Instead tell people who have a choice that they can ride on a mode that is new, fast, with amenities, and with people who are like themselves, and they might consider it from time to time, and more regularly if it is cost and time-effective. This mode need not be rail.

Unlike a new, fancy, and expensive rail system, existing buses are now the opposite, old, basic, and cheap. There is nothing technically preventing the bus and bus stop from being nice, (basically as nice as a brand new train and rail station, but usually a lot less expensive) but the lack of willingness on the part of the public from doing so.

Bus transit has more than an image problem. Its image problem results from the reality of services, which are in part due to relatively less investment than rail services get, because it has an image problem. It is a vicious circle.

Access Across America Pooled Fund Webinar

Access Across America is a state-of-the-art multimodal accessibility evaluation for transportation system performance management and planning. The webinar (recorded August 6, 2014) featured an overview of the Access Across America project and examples of accessibility calculation results, information about the request for participation in the Access Across America Pooled Fund project, and a question and answer session.

(Pooled Funds are the “Kickstarter” for transportation research, where participants are usually, but not only, state DOTs – notably this process was developed in transportation some 20 years ago, much earlier than Kickstarter formed … yet another example of transportation exporting technologies to other sectors).

Watch webinar


Pooled Fund Proposal Draft

Buses and railroad crossings

Buses are required by law to stop at railroad crossings (except where exempted, such as the light rail tracks on University Avenue in the Twin Cities). This is for safety reasons, the law was implemented in Utah for school buses after a terrible accident. The Deseret News reports:

DeVon Andrus of Cedar City wrote, “I endorse everything said about the safety on school buses. However, there are a few of us who remember a day in December 1938 when the worst school bus accident in the history of the United States occurred in Sandy, Utah. As a result of this accident, laws were passed in every state regulating bus travel when crossing railroad tracks. … Bus drivers were required to stop and open the door, look both ways and listen before crossing the tracks. …”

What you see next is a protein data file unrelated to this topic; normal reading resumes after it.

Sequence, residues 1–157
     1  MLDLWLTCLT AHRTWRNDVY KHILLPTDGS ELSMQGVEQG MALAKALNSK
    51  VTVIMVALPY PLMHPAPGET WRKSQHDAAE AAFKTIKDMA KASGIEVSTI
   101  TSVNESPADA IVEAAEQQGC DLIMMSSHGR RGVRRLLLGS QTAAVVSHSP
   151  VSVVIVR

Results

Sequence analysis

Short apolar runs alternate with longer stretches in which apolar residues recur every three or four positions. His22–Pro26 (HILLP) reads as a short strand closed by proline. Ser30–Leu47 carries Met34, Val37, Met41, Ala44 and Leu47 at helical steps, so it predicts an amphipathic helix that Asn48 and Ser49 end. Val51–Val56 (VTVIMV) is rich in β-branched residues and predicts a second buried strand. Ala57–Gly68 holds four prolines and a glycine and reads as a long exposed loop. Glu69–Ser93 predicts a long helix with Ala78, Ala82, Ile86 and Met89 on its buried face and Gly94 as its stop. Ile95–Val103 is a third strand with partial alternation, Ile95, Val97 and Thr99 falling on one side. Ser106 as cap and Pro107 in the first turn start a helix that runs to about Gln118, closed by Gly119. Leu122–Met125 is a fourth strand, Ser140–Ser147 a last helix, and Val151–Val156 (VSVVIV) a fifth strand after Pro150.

I know “safety first” and laws like this help keep us all alive, but sometimes they are applied too much.

Railroad Crossing at Franklin Avenue SE
Railroad Crossing at Franklin Avenue SE

There is a railroad crossing on Franklin Avenue in SE Minneapolis which is part of a spur, which used to have very few trains, and now has approximately none since the building it served (Bemis Products) is being converted housing (Brickhouse Lofts). Yet the tracks have not been removed, since the railroad (I suppose) might want to use the spur as a siding to store railcars sometimes.

Dozens of times each day school buses and Metro Transit buses and Metro Mobility buses decelerate, stop, look for non-existent trains, and accelerate again. This wastes time and energy, increases the wear and tear on vehicles, and pollutes the environment (with associated public health effects that probably exceed the safety benefits in these cases).

Is there a way to either (a) get railroads to pull up their unused track and abandon the right-of-way in a more timely fashion, (b) exempt more low volume tracks from the stopping requirement? [Clearly "exempt" signs are allowed, they just don't seem to be implemented as widely as they might be.]

Are our roads really more congested | StarTribune

Tim Harlow, of the StarTribune’s The Drive column asks if “our roads are really more congested?” and interviewed me:


Of course, almost every time a report on traffic comes out, it makes the headlines. But how do we make heads or tails out of them when they seem to contradict one another?

“They are not necessarily contradictory,” said David Levinson, a professor of civil engineering at the University of Minnesota. “They all have different data, but they are measuring roughly the same thing.”

The differences can start with how the report makers define congestion. MnDOT defines congestion as traffic flowing at speeds less than or equal to 45 miles per hour. TomTom defines it as increased travel time when compared to free-flow conditions.

The data used to compile reports comes from different sources, too. MnDOT uses loop detectors embedded in the pavement while INRIX uses GPS data. Another difference is that the INRIX report looked at traffic volume and delays while MnDOT’s congestion report details the location and percentage of freeways experiencing daily congestion.

New business or housing developments can alter traffic flow in areas, making roads that were adequate suddenly become packed, creating the perception that congestion is getting worse.

“You might see more this year because the economy has picked up, but generally it has been flat and has been for a while,” Levinson said. “If it gets too bad, people will change their behavior. … There are limits on how bad the congestion can get.”

by David Levinson